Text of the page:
There are few occasions in life more idyllic than college graduation. Steeped in ceremony, it is the moment of triumph after years of work, a time for parents to beam proudly and gowned students to receive their hard-earned diplomas.
However, graduates aren't the only ones earning something on commencement day. Some colleges and universities are paying exorbitant fees — not just expenses — for graduation speakers. Public speaking has been big business for years, and finding a great speaker for commencement day is a competitive business, particularly for a school burnishing its image and trying to boost fundraising. Rutgers University, which is planning a bigger ceremony this year, recently announced that it will pay Nobel Prize-winning author Toni Morrison $30,000 to be the commencement speaker. "An honorarium was required to attract a stellar speaker of Ms. Morrison's caliber," said Rutgers spokesman Ken Branson.
Morrison is only one example. In 2006, CBS news star Katie Couric got $115,000 to speak at the University of Oklahoma's ceremony — although she did donate it to a cancer center at the University of Virginia in honor of her late sister. And Rudy Giuliani's 2005 address at High Point University in North Carolina reportedly cost the school $75,000 in a contribution to a foundation of his choice.
Some speakers who command astronomical fees will discount them for commencement speeches — it's possible that Morrison usually gets much more than $30,000 — or waive them. Bill Clinton, who was scheduled to speak at UCLA in 2008 before canceling because of the university's dispute with a union, did not request a fee. Nor would UCLA have offered one. (It never pays.) Neither President Obama nor the first lady are paid for their commencement addresses. This year, the president will deliver the address at Miami Dade College's North Campus, the U.S. Coast Guard Academy and the public high school that wins the White House's Race to the Top Commencement Challenge. Michelle Obama will speak at Spelman College, the University of Northern Iowa and the high school that serves children of members of the military on the Marine Corps base in Quantico, Va.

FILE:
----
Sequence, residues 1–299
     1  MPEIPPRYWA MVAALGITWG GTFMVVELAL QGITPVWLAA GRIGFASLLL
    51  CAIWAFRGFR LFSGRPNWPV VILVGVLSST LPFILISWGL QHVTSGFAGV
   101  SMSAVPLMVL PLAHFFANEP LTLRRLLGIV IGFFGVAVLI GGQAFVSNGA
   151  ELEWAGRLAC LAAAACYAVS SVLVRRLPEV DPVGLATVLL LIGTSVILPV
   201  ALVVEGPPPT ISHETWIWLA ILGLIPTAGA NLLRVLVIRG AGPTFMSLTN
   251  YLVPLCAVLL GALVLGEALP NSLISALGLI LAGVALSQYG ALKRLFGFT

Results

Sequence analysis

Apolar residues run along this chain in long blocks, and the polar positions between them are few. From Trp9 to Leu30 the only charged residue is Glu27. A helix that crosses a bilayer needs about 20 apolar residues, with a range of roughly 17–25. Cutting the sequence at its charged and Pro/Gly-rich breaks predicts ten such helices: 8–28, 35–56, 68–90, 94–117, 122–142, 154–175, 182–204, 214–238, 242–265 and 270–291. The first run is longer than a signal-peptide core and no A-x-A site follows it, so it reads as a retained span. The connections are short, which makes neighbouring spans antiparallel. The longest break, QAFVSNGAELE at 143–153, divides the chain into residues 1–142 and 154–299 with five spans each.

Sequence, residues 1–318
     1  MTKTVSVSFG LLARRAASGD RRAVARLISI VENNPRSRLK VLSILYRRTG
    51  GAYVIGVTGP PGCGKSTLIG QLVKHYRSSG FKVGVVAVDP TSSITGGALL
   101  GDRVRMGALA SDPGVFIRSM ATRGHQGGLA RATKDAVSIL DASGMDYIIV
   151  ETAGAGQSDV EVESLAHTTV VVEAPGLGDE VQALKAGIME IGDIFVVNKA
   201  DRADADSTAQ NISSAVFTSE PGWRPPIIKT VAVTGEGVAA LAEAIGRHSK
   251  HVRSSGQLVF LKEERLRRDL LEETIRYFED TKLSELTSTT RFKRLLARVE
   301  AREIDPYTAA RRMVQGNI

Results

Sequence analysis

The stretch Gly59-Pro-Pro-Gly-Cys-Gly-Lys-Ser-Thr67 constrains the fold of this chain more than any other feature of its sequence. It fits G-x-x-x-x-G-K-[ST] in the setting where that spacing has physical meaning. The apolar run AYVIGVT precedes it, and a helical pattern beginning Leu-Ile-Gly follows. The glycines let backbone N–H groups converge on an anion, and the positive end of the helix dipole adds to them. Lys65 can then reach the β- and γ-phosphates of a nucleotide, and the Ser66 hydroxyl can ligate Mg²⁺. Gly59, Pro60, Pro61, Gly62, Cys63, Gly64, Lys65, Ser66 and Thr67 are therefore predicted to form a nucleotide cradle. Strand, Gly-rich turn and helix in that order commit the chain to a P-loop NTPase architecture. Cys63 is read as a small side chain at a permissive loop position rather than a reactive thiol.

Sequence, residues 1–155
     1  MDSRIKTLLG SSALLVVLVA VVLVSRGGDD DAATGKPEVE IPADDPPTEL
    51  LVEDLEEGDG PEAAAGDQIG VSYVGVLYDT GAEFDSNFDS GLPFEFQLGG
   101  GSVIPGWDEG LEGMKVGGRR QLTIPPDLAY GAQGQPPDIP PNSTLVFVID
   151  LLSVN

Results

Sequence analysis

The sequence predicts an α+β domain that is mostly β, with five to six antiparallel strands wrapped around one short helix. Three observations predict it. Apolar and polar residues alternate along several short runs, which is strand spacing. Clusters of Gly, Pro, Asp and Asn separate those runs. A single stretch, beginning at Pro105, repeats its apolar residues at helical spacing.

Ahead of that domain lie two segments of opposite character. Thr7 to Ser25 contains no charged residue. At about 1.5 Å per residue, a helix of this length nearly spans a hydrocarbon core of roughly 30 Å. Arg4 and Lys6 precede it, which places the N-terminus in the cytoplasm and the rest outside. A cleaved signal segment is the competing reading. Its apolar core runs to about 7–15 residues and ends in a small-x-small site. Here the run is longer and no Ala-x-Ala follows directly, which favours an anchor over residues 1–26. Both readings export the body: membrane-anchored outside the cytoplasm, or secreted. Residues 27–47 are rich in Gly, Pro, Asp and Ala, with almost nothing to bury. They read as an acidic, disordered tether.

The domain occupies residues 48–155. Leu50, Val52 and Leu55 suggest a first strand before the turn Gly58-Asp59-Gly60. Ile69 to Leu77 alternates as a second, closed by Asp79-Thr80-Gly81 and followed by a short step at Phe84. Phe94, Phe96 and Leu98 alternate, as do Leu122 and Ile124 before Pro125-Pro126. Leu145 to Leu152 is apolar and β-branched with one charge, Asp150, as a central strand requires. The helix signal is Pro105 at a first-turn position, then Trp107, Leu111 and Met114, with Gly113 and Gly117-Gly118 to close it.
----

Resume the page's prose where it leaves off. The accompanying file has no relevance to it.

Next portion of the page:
We know it's a struggle for lesser-known schools to find a speaker a cut above a dreary dean talking in cliches about the challenges to come. But it's disappointing to see a tradition so wrapped in idealism become yet another vehicle for commercialism.
A commencement address is not a gig at a corporate retreat. Even though it takes time and effort to craft a good speech, it is honor enough to be chosen to impart some words of inspiration to newly minted graduates. We'd like to see influential figures go out of their way to speak at smaller institutions for free. Commencement day is one time when accomplished people should share the wealth — not increase their own.